In December 1941, the Air Member for training introduced a new plan, which aimed at raising the standards of pilots by providing more flight hours in their pre-OTU stages of training. The training syllabus for RAF EFTS and SFTS schools was extended and the flying hours were raised to 200. To conform to the new syllabus the EFTS course length was raised from 20 to 28 weeks, in January 1942, and the flying hours increased from 150 to 200 hrs. The primary stage now lasted 14 weeks and gave 91 hrs on primary trainers and the basic advanced stage 14 weeks with 109 hrs flying time. It was not possible to increase the ratio of advanced flying to primary flying because of the shortage of advanced trainer aircraft. It also had been hoped to expand the capacity of each school from 200 to 240 pupils, so as to maintain the previous rate of output, but this was impracticable at that time, and the capacities remained unchanged with intakes of pupils (50} every 7 weeks. Output was accordingly reduced to about 1600 per year.
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Old 19th Apr 2014, 13:44
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I came across this book on the Arnold Scheme, whilst researching Arthur Leighton-Porter (Husband of "Jane".)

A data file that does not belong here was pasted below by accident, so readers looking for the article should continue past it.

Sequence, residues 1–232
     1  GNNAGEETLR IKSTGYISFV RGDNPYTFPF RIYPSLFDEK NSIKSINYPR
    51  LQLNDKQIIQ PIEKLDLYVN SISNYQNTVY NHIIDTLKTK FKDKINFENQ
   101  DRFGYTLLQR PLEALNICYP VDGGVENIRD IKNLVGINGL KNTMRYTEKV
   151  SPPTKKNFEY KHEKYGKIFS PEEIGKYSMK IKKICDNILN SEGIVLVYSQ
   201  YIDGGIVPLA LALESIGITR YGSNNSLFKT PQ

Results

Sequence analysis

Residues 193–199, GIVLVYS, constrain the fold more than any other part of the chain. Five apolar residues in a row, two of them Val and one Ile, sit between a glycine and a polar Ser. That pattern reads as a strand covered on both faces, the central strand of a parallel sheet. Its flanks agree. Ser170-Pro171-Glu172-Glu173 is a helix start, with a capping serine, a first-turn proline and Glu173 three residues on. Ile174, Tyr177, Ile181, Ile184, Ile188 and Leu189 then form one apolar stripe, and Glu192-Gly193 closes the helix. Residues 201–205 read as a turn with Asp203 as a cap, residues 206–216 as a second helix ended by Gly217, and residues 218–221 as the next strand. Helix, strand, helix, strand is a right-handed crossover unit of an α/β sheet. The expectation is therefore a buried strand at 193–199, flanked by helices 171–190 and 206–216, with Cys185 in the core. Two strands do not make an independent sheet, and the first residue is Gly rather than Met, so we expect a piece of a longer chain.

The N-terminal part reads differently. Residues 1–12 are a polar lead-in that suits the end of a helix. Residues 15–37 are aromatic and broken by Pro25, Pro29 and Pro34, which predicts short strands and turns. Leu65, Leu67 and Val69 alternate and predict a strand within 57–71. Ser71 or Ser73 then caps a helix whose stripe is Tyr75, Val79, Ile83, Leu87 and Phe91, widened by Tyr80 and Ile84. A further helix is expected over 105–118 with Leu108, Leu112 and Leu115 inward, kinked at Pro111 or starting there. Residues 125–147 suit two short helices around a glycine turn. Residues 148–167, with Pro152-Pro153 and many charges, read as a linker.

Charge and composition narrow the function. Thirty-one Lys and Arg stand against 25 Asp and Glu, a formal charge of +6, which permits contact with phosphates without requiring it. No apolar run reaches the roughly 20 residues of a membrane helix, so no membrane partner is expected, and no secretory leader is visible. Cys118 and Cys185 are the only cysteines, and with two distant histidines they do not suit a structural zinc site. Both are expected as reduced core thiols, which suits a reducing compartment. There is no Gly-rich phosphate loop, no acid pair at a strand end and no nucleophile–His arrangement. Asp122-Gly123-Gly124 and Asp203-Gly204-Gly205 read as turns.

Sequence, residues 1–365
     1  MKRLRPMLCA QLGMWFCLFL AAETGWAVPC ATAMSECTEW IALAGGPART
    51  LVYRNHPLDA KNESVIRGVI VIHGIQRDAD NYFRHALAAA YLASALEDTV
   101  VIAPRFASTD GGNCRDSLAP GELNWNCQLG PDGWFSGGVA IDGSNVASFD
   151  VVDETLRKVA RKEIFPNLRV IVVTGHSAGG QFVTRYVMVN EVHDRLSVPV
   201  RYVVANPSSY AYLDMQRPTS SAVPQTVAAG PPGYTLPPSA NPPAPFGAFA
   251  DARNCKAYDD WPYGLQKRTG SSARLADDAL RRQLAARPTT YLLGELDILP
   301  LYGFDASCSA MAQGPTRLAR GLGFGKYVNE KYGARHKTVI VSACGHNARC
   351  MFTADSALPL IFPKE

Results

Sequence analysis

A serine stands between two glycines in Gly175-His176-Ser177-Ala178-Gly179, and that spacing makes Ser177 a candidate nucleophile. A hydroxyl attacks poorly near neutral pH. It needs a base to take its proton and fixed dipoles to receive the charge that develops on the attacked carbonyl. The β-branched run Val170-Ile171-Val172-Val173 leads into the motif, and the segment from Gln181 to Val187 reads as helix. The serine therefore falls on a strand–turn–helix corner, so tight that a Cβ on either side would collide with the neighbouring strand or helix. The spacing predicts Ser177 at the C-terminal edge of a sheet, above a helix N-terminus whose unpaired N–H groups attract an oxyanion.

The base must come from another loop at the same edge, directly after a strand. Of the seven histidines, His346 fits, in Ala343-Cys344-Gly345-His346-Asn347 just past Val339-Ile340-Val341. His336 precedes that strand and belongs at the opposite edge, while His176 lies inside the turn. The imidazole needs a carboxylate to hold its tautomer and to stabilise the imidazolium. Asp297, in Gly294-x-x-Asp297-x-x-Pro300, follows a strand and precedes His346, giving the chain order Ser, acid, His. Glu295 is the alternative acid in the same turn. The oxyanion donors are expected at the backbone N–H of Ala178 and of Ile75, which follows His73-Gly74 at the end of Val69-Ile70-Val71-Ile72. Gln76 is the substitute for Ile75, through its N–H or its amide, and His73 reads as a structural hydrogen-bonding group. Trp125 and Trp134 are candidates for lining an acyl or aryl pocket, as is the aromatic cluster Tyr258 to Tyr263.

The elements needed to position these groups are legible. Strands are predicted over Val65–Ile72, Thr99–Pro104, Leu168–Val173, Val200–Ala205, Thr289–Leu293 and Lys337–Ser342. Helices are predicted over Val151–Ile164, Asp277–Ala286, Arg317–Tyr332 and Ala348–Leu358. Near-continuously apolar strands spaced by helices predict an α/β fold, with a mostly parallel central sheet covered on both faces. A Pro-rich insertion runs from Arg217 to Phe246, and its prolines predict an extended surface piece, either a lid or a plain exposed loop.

Amazon Amazon

I find the book itself (all of it!) is available to read online from Googlebooks...


Last edited by Molemot; 19th Apr 2014 at 14:20. Reason: Correction on name...typo! Also add book location.
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Old 19th Apr 2014, 14:14
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Molemot, I think you'll find it's Leighton-Porter. (Her son was an RAF pilot)
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Old 19th Apr 2014, 15:20
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Dad's story continues

So we journeyed north and eventually entered Canada. We were told our destination was to be Moncton, New Brunswick, an RAF Air Crew Receiving Centre. We enjoyed our stay in Moncton where the citizens were most hospitable towards us.

One day a group of us were informed that we were to be trained in the USA - our destination was to be Terrell in Texas - and so to our day of departure. The long train journey south took us four or five days as I recall. We eventually arrived at Terrell railway station and onwards to the airfield, the camp and our quarters. This was 1BFTS (No. 1 British Flying Training School) Terrell - our final resting place after the long and interesting journey from RAF Heaton Park in Manchester, England.

Mid-September 1942

The first few weeks were a settling-in phase - getting to know our way round the camp, the inevitable parades, ground school and then on 28 September 1942 the ‘real thing’: my introduction to the Stearman PT18. My instructor, K.W. Withey, a very likeable chap, who with firmness but with good humour, led me on 2 October l942 after only 4 hours dual instruction to my first solo and the beginning of ‘Hey I like flying!’